Debate at Lane Seminary

Publication Year: 1834

American Anti-Slavery Society. Debate at the Lane Seminary, Cincinnati: Speech of  James A. Thome, of Kentucky, Delivered at the Annual Meeting of the American Anti Slavery Society, May 6, 1834; Letter of the Rev. Dr. Samuel H. Cox, against the  American Colonization Society. Boston: Garrison & Knapp, 1834. 
PHS Call number: PAM E 449 .D25 1834

Source thumbnail image: Sketch of Lane Theological Seminary (Cincinnati, OH) as it appeared shortly after opening in 1830 (Wikimedia Commons)
Reading suggestions

See especially Samuel H. Cox’s letter (pages 11-16).  

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Source note

This document is comprised of a letter within a letter within a published  debate transcript. Rev. Samuel H. Cox (1793-1880) was a Presbyterian minister and  abolitionist. He took a leadership role in the American Anti-Slavery Society in 1834 and  was also involved in the temperance movement. Cox’s letter in this debate transcript includes a letter from Rev. Samuel E. Cornish and excerpts from writings by Rev. Peter  Williams, Jr. (1786-1840), African American rector of St. Philip’s Episcopal Church in  New York, about colonization and slavery. Samuel Cornish (1795–1858) was one of the  first African American Presbyterian ministers, was senior editor of Freedom’s Journal,  the first black-owned and operated newspaper in America, and was a co-founder of the  American Anti-Slavery Society.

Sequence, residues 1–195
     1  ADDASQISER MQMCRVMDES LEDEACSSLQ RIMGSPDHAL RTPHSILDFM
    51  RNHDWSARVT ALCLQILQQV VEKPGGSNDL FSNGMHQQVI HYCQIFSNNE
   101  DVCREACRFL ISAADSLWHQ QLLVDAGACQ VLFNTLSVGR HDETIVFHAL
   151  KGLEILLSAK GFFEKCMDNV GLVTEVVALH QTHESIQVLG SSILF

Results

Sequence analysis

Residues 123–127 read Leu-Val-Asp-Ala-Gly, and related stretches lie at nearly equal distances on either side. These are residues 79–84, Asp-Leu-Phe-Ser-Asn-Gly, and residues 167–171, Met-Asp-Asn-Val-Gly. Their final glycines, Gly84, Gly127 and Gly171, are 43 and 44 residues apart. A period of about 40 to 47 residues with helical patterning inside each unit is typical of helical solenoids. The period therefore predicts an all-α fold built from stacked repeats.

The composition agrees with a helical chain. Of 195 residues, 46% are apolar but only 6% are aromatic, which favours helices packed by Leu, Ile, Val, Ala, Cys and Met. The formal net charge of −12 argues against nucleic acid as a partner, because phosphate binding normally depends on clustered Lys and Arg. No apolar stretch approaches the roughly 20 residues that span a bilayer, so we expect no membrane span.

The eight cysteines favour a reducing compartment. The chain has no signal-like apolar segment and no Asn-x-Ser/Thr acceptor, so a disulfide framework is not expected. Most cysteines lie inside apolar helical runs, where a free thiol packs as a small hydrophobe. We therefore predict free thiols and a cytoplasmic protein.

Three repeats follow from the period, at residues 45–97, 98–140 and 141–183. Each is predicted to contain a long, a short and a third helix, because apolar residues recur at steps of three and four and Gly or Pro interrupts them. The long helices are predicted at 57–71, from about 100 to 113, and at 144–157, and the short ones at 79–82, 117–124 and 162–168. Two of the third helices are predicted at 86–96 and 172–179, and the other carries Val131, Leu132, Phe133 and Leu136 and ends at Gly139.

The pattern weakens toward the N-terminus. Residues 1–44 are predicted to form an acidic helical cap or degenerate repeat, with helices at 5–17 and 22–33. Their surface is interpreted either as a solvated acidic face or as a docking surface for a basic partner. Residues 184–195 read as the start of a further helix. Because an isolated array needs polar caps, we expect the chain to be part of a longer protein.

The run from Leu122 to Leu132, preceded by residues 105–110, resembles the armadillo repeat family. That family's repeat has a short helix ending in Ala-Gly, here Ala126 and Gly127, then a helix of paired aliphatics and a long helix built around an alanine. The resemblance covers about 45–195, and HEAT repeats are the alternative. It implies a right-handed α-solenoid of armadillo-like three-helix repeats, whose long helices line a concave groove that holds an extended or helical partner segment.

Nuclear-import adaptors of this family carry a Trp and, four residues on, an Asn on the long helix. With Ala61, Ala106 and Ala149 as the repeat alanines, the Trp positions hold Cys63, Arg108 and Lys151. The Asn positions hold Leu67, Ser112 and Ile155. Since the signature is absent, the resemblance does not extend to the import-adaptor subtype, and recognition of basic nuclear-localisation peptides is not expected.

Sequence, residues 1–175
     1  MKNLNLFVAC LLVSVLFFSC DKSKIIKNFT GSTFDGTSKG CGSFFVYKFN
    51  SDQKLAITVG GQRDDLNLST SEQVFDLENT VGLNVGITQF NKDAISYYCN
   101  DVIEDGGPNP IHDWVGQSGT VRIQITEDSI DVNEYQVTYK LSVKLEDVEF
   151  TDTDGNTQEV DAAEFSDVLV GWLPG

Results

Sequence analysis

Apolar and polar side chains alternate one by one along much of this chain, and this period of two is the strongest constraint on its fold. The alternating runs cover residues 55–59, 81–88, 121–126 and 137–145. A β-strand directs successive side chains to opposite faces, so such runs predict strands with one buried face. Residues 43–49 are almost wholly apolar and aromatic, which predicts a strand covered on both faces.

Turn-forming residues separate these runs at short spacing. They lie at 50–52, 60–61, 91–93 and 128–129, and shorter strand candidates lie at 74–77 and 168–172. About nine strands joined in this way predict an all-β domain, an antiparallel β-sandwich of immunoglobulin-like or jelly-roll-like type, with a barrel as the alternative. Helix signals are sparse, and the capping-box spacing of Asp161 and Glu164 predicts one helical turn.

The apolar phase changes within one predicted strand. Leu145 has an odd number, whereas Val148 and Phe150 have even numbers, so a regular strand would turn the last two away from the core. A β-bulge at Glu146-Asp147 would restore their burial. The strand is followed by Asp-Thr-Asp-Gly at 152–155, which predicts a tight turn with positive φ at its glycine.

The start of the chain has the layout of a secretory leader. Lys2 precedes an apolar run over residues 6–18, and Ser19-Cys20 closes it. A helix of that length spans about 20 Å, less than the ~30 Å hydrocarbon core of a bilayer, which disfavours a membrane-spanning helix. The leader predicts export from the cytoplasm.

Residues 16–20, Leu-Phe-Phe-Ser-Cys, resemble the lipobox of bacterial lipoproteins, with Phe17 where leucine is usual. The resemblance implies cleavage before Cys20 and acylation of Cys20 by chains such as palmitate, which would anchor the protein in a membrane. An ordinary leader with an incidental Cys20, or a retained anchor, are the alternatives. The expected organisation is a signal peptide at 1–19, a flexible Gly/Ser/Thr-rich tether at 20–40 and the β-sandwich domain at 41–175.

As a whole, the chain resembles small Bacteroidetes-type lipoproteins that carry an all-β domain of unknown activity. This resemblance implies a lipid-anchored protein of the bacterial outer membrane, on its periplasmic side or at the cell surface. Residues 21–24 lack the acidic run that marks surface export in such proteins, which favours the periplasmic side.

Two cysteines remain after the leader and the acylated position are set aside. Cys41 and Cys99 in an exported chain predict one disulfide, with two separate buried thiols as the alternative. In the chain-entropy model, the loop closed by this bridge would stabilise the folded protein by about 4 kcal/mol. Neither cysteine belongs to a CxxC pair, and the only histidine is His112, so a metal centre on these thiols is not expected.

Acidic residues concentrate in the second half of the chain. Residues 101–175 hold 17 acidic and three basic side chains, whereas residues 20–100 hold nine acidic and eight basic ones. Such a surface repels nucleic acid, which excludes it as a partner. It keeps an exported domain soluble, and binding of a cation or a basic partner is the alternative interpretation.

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Reading questions

1.    Who is Rev. Cox, and what is his perspective on the American Colonization  Society? How did his perception of the society change over time, and what was  the main factor behind this change (page 12)?

2.    What was Rev. Samuel Cornish’s position on colonization (page 12)? How did  Rev. Cornish likely become a spokesperson for all African Americans on this  subject?

3.    When did Rev. Williams preach the sermon enclosed in Cornish’s letter (page  13)? What was the historical context?

4.    What, according to Williams, is the “principle motive for supporting” the American Colonization Society for many of its supporters and promoters (page  13)?

5.    What rebuttals does Cox offer (quoting Williams) in response to colonization  advocates who warned that African Americans faced intractable prejudice in the  United States, and would probably mix socially with whites if they stayed in this  country after emancipation (page 14)? 

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Source type
History Topics
Abolition and Anti-slavery
African American History
Presbyterian History
Time Period
Slavery, Sectionalism, and Social Reform (1815-1861)